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The Rising of the Court by Henry Lawson
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The Rising of the Court, by Henry Lawson

Note: Only the prose stories are reproduced here, not the poetry.


The Rising of the Court


Oh, then tell us, Sings and Judges, where our meeting is to be,
when the laws of men are nothing, and our spirits all are free
when the laws of men are nothing, and no wealth can hold the fort,
There'll be thirst for mighty brewers at the Rising of the Court.


The same dingy court room, deep and dim, like a well, with the clock
high up on the wall, and the doors low down in it; with the bench,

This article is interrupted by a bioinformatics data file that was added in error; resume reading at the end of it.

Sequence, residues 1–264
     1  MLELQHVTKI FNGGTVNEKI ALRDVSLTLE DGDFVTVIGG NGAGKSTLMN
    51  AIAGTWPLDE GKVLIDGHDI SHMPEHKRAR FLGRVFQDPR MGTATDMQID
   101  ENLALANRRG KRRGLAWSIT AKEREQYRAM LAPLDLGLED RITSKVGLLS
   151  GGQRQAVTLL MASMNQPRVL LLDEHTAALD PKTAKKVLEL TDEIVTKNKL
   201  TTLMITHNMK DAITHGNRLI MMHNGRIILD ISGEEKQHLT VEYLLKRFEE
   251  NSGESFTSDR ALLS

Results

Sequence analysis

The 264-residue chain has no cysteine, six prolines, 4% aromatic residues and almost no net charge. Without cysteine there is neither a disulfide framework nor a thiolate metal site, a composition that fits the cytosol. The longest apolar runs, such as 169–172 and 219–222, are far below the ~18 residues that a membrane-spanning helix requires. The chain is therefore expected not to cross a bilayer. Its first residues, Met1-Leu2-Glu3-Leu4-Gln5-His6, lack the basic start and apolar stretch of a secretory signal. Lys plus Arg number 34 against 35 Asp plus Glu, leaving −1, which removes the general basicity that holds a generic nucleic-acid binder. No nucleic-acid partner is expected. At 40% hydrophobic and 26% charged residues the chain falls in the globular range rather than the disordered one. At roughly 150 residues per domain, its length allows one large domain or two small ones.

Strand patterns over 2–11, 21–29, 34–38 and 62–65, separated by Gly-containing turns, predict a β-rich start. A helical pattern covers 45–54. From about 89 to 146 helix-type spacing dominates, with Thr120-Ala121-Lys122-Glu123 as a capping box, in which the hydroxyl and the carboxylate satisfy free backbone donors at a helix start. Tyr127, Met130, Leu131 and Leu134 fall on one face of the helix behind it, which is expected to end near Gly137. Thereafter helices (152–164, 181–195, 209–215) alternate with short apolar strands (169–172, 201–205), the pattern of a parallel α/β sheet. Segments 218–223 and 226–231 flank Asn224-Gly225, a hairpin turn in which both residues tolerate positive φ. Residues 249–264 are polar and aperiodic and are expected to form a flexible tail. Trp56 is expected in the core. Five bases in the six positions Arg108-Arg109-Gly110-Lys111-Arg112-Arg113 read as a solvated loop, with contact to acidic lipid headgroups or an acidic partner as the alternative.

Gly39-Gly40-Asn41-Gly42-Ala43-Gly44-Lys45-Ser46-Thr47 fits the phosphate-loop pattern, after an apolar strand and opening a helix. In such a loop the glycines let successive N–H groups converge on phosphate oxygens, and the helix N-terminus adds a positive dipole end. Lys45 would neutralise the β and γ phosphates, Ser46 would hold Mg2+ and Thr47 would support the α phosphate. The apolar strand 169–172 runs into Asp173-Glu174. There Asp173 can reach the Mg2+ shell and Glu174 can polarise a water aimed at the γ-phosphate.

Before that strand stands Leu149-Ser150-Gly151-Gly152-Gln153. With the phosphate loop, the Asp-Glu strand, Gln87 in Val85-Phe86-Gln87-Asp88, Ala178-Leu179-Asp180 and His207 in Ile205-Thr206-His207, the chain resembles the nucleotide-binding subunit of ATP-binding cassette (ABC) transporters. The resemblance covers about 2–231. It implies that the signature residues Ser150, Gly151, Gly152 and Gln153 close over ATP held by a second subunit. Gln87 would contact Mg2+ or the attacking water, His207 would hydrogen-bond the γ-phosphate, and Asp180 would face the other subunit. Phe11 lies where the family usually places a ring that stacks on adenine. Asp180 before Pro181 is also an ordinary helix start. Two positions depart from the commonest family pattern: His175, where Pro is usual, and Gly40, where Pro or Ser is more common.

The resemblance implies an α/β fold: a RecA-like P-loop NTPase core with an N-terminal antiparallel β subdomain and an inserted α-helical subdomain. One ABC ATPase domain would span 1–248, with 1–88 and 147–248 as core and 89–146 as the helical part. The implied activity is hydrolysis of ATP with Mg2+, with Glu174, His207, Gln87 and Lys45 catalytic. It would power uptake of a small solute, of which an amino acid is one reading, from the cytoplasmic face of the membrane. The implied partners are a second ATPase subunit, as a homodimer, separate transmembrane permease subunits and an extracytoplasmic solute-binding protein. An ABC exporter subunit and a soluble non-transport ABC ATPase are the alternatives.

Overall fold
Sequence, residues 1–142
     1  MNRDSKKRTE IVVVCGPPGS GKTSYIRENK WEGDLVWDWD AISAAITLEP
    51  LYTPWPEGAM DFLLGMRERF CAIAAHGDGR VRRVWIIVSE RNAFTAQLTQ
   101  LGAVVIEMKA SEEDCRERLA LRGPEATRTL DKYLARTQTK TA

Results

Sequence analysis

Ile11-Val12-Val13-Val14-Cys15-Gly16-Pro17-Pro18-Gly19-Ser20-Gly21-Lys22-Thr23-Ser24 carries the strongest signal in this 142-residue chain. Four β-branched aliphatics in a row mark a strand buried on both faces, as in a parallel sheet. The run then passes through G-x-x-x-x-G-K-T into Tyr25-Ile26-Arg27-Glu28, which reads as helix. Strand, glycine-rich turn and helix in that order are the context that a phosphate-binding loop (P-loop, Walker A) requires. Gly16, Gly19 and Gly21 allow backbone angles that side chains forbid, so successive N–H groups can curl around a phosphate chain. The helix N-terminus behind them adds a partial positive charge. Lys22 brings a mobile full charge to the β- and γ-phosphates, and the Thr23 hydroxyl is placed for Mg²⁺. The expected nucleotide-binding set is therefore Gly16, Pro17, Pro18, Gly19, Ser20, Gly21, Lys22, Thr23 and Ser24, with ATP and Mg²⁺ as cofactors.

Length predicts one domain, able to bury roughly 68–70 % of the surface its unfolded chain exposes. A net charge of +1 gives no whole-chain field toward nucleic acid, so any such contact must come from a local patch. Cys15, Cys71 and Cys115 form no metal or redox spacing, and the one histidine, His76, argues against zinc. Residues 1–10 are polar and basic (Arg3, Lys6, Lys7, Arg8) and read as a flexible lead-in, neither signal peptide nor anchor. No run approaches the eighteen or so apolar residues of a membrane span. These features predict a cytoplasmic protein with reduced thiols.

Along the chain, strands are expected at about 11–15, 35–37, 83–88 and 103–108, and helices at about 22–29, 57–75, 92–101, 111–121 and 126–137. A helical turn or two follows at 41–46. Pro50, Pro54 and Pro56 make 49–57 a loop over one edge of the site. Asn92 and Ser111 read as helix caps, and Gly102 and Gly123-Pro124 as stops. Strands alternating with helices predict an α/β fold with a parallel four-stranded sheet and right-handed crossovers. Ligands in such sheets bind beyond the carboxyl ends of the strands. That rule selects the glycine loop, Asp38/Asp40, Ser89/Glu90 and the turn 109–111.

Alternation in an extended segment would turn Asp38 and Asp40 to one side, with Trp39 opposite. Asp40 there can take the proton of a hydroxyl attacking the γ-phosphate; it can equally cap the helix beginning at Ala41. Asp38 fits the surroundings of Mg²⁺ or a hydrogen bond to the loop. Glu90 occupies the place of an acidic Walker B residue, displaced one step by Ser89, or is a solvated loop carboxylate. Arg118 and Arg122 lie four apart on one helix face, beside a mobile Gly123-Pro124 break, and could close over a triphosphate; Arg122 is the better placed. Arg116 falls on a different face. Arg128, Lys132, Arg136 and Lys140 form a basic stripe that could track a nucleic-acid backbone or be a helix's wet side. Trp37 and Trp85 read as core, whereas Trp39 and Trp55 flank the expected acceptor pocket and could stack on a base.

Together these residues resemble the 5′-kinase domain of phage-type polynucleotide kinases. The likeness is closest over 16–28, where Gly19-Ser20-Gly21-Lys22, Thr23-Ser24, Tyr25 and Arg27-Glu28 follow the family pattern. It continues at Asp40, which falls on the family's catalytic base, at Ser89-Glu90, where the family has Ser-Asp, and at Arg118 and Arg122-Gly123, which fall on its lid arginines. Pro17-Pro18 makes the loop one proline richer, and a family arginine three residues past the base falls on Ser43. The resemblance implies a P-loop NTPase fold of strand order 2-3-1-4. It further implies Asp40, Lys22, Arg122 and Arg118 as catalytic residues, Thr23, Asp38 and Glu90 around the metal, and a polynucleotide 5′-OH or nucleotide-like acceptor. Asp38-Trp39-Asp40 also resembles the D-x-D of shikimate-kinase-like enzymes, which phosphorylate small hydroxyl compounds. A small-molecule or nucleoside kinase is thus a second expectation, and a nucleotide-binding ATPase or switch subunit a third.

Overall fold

which, with some gilding, might be likened to a gingerbread imitation
of a throne; the royal arms above it and the little witness box to one
side, where so many honest poor people are bullied, insulted and
laughed at by third-rate blackguardly little "lawyers," and so many
pitiful, pathetic and noble lies are told by pitiful sinners and
disreputable heroes for a little liberty for a lost self, or for the
sake of a friend--of a "pal" or a "cobber." The same overworked
and underpaid magistrate trying to keep his attention fixed on the
same old miserable scene before him; as a weary, overworked and
underpaid journalist or author strives to keep his attention fixed on
his proofs. The same row of big, strong, healthy, good-natured
policemen trying not to grin at times; and the police-court solicitors
("the place stinks with 'em," a sergeant told me) wrangling over
some miserable case for a crust, and the "reporters," shabby some of